Renovation or Demolition: How to Get the Most Out of Your New Property Investment

Explore how to choose between renovation and demolition for your new property investment.
Matias Daroch  |  January 11, 2022  |    |  

In South Florida, there are plenty of opportunities to turn a real estate investment into a great source of income, particularly with existing properties. Any time you purchase a residential property to rent or sell, you will find yourself with a decision to make: should you renovate the home or demolish it?

Renovation presents you with a unique opportunity to work with what you have in order to create a better space for rent or sale. Single-family residences in Miami can be candidates for renovation, but sometimes demolishing the home and building an entirely new home presents a more cost-effective and beneficial opportunity instead. In this article, we will explore how you can determine if you should refurbish or demolish your new investment property.

Consider the Legality of Demolishing the Property

Believe it or not, Florida has some fairly specific laws regarding demolishing property—and some properties are actually legally protected. You might assume that it would be obvious which homes are protected, but that isn’t always the case. In fact, Miami is known to have a fair amount of designated historic spaces. These spaces will not allow you to fully demolish a home.

Beyond historic spaces, other residential areas have additional requirements that can influence how you will approach demolishing the home. There are instances where you will require additional permits or waivers to legally demolish your home. Knowing the laws here is very important to avoid additional costs and legal fees.

Determine the Scope of the Remodel

Every single-family residential property in Florida requires different levels of renovation. These renovations might be dictated based on the age of the property, the style of the homes being made at the time, and improvements that will help to significantly increase the home’s value.

Understanding just how much work it will take to renovate the property that you purchase will help you to determine whether or not you should choose to demolish and build a new home instead of just renovating the original property. You might be surprised to learn that with a lot of renovations, the cost is not always worth the final product. Consider whether or not you will add more rooms or bathrooms, invest in extensions or height changes, or change the current interior layout in any way. These changes can take a significant amount of time and money.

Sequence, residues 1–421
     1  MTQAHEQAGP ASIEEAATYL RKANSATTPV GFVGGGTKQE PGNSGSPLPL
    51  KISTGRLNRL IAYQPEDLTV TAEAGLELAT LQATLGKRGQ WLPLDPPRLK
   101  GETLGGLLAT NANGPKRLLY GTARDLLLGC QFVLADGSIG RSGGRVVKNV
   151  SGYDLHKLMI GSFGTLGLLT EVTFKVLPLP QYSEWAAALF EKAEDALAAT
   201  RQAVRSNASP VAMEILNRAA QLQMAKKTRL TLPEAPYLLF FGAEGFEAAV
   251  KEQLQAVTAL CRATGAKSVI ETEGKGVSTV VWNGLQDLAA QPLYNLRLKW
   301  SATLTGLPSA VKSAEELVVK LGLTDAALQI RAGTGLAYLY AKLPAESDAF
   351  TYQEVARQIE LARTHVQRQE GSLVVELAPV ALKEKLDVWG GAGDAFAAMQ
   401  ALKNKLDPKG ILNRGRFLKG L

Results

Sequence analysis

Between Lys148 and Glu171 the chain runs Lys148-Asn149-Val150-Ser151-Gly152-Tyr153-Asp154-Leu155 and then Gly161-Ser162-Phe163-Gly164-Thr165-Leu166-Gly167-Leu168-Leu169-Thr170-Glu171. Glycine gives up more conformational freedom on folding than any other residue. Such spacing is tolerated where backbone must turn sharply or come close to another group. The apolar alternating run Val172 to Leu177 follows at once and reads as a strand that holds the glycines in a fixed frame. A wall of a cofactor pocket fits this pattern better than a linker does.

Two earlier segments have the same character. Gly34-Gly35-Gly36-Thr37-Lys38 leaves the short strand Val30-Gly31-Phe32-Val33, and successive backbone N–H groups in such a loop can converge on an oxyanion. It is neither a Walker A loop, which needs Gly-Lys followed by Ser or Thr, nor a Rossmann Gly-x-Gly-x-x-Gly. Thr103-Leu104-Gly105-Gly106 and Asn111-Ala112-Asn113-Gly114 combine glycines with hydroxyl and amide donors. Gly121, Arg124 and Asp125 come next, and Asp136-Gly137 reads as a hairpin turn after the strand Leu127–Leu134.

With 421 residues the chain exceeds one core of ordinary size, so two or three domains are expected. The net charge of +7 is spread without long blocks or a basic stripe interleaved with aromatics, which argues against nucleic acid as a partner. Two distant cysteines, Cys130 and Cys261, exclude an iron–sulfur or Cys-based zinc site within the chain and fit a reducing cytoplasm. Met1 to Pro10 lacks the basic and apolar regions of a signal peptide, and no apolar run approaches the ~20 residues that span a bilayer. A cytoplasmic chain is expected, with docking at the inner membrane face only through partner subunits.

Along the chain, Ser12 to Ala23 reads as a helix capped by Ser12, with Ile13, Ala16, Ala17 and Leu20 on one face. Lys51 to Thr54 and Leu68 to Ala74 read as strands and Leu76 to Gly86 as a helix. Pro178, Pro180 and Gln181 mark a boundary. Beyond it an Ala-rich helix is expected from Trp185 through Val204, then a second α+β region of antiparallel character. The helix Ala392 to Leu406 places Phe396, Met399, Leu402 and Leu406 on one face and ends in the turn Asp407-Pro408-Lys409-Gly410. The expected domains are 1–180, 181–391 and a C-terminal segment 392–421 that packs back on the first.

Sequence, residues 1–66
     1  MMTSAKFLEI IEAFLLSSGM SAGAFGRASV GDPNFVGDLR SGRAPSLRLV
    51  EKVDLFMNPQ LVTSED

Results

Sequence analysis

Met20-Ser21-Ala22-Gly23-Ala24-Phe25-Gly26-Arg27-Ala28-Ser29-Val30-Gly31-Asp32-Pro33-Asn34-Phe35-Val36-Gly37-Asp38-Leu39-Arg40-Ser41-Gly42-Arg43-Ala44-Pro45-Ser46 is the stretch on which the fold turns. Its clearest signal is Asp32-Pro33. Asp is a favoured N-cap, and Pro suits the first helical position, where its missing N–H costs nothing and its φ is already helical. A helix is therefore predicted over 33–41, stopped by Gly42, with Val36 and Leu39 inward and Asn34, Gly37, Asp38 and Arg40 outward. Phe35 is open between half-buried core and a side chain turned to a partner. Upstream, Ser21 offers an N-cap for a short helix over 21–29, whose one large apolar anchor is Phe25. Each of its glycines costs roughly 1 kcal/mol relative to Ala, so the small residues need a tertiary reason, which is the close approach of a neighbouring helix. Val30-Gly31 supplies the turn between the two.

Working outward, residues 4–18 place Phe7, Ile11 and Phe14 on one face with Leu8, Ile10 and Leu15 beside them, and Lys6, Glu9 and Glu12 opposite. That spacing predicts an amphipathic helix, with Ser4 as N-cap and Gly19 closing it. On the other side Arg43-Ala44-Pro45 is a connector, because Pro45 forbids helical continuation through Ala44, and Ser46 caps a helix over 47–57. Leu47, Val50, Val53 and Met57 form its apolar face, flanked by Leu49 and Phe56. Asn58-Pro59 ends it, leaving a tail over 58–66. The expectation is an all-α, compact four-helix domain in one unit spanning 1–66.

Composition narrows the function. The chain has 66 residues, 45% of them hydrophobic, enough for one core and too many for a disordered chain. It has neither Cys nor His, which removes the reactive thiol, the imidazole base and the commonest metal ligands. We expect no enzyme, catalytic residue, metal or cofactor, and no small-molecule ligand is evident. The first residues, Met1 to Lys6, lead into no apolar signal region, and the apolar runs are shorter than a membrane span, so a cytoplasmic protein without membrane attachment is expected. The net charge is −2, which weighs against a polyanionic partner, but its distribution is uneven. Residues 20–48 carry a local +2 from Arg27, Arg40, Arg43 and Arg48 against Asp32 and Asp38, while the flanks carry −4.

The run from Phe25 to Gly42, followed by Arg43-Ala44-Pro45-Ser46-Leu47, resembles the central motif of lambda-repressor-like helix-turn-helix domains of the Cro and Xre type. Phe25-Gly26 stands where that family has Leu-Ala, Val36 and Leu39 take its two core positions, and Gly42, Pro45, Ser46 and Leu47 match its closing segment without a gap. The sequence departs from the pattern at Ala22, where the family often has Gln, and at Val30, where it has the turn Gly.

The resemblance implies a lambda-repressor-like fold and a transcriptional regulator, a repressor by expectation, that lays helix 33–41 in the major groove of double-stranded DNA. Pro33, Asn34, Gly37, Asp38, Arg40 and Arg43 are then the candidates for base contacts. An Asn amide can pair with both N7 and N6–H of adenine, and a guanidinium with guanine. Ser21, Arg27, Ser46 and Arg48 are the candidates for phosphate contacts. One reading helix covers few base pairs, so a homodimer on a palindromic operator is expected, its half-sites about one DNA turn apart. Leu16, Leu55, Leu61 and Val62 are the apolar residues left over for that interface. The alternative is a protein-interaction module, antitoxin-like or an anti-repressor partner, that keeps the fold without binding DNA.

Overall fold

Find Out if the Property is in a Flood Zone—and What This Means

It is not a secret that Florida comes with significant flood risks. Heavy rains, storms, and hurricanes can all put Miami homes at risk—and they can force additional costs that might change the way that you view your property. Given the added risk, FEMA has laid out certain requirements that are important for consideration with your renovation.

Understanding The Expensive FEMA 50% RuleThe FEMA 50% rule requires you to make accommodations any time that you make a significant improvement, which is considered 50% of the value of the house. When this occurs, the property must be modified so it is above the current FEMA base flood elevation. In a lot of cases, this can outright kill a project because it adds an additional expense.

Be Realistic About the Overall Costs of Renovation and Building Costs